The Slaughterhouse Club is our participatory arts project with homeless vulnerable Londoners struggling with booze and addiction issues. The project is currently running for forty weeks per year until 2020. Every Thursday we are at Robertson Street Hostel in Battersea, and every Friday we are at Graham House in Vauxhall.
Five specialist artist facilitators – Mark Whitelaw, Robin Whitmore, Tim Brunsden, Tris Bellotti & Anna Magnowska – serve on this challenging project. The participants – about 45 hostel residents regularly working throughout the year – are treated as artists and encouraged to make creative work. Together they make songs, poems, stories, short plays, animations, puppet shows, slide shows, paintings, films and videos. All of the work happens behind closed doors, but some of the films are available to view below on the Duckie website.
The Slaughterhouse Club engages residents of the hostels to connect with themselves and their community through the creation of these arts activities - to aid harm minimisation and personal growth. The work is very delicate and the hostel environment is very unpredictable. Our participants lead chaotic lives, and struggle with entrenched alcohol and drug addictions, fragile mental health and often run-ins with the authorities. Most of the work is one-to-one, drawing out creativity through personal conversations and developing inventive exercises.
The Slaughterhouse Club is produced by Duckie in association with Thames Reach Hostels and funded by the Big Lottery Fund and Vauxhall One.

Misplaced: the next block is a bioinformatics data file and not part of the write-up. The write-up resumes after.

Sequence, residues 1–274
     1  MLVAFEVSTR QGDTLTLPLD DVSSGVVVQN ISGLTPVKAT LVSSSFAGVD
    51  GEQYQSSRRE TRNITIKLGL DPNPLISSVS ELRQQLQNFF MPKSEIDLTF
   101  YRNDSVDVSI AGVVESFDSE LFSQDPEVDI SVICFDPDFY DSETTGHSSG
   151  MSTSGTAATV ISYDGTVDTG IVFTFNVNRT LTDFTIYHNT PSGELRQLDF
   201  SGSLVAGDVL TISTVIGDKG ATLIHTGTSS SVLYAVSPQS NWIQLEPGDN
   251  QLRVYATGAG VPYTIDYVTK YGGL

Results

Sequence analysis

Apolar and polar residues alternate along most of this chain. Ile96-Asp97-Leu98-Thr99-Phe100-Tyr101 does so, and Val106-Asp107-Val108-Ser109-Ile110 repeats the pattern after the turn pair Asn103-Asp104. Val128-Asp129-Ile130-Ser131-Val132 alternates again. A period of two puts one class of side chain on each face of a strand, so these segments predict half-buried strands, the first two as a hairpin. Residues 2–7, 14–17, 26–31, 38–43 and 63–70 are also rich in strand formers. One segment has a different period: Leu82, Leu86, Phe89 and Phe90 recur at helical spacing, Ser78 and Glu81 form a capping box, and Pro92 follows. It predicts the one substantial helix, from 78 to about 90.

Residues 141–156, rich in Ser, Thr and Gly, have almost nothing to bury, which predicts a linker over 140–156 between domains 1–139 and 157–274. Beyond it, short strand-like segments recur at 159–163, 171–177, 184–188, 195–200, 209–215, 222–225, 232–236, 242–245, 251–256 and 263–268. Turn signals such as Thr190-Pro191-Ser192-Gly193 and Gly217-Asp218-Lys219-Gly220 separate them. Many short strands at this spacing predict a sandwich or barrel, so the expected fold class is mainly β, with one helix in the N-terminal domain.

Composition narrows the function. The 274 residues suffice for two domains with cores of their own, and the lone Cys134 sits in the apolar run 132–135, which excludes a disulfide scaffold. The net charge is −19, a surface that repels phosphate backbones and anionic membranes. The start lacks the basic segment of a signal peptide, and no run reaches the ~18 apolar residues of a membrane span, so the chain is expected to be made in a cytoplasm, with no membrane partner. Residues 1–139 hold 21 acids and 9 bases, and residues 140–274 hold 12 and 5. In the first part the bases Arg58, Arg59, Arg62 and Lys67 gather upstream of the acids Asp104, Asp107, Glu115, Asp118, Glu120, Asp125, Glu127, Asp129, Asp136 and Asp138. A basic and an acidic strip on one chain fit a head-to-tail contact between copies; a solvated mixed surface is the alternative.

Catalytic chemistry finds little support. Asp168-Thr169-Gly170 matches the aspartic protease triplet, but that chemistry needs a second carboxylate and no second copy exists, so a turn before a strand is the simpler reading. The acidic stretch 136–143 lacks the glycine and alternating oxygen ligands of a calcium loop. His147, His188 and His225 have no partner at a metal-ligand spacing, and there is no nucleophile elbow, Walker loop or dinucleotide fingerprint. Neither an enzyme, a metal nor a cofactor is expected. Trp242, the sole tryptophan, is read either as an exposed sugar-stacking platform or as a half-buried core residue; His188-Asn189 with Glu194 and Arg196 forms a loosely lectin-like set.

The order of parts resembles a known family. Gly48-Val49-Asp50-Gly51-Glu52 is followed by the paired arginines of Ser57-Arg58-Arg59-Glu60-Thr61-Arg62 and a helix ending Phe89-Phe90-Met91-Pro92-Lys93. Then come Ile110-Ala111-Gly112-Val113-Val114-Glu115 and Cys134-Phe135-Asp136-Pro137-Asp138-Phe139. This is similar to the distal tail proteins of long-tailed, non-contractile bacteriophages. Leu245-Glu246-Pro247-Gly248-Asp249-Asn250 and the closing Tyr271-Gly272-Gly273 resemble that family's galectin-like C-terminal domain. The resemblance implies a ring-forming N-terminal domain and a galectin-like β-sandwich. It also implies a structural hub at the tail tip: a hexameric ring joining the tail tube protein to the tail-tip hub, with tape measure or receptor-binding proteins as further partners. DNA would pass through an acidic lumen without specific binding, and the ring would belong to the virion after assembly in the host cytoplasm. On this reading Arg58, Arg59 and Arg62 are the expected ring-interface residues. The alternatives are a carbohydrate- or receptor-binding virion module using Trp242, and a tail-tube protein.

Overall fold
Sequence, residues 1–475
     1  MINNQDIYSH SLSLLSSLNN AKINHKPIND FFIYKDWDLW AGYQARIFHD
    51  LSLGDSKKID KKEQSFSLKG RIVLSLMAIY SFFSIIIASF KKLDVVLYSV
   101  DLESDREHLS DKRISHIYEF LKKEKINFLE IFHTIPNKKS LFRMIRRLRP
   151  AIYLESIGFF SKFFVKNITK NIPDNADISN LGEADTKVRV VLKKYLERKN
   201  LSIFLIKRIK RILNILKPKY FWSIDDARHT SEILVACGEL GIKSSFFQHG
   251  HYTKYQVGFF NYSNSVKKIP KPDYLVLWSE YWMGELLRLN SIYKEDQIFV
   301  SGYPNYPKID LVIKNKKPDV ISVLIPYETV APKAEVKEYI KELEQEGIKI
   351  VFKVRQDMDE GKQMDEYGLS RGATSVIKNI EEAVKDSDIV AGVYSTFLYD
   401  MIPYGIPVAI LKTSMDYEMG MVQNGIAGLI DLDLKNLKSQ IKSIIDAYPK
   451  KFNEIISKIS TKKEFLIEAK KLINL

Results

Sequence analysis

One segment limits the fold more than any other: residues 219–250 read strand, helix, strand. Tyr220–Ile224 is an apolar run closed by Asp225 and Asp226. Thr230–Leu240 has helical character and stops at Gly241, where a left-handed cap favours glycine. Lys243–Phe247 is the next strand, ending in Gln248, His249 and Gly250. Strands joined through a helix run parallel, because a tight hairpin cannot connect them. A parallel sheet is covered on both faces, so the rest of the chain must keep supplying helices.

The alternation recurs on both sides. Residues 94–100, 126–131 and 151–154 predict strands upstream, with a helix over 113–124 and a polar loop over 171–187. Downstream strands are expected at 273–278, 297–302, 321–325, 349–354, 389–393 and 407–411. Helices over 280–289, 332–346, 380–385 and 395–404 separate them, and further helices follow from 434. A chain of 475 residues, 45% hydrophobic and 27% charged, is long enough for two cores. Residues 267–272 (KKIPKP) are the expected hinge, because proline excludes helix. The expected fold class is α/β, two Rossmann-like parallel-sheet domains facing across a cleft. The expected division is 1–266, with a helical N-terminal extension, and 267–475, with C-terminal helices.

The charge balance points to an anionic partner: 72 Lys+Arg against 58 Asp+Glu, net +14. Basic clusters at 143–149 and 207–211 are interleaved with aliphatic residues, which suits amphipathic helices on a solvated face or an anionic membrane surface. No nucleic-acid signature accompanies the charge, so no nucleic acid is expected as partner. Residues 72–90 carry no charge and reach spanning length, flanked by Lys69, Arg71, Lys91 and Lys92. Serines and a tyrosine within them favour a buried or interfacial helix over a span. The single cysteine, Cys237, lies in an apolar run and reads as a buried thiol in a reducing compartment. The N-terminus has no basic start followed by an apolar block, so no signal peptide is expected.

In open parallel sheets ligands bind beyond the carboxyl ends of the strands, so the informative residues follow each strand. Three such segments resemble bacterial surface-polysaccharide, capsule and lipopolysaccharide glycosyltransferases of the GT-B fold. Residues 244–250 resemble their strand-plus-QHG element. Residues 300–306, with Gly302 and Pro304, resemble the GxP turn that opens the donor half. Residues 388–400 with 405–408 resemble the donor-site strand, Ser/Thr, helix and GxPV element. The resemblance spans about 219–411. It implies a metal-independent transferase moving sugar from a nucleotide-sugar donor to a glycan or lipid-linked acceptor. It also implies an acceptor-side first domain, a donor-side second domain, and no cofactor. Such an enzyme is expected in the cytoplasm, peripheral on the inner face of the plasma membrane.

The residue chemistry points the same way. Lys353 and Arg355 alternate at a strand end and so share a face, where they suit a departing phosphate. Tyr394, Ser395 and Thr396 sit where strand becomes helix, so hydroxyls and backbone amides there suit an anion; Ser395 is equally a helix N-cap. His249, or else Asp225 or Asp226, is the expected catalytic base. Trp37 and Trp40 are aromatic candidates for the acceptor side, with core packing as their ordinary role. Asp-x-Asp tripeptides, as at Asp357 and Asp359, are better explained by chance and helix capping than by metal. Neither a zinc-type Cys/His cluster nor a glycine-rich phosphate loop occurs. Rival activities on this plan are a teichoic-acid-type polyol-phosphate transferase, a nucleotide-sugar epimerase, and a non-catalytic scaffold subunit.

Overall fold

“Drink and drugs are used to numb deep emotional pain. Art, even when it is dark, is life affirming because it is the result of a creative act. Even when what is being created is a representation of the artist’s own anguish, the fact that their energy is being directed away from themselves into the creation of something outside of themselves is a very positive act. The unexpected happens whenever you make art. You can never recreate what is in your head, but it is in the gap between your intention and the physical result that your humanity is revealed. Our role as facilitators is to enable the participants to see and believe in their own humanity.” Robin Whitmore, Artist, Duckie
To give the public a flavour of the work, below are seven short films made recently by the participants.
Also check out this Podcast on Soundcloud.
Two of the flmmakers - James and Mark - have passed away since the making of their films.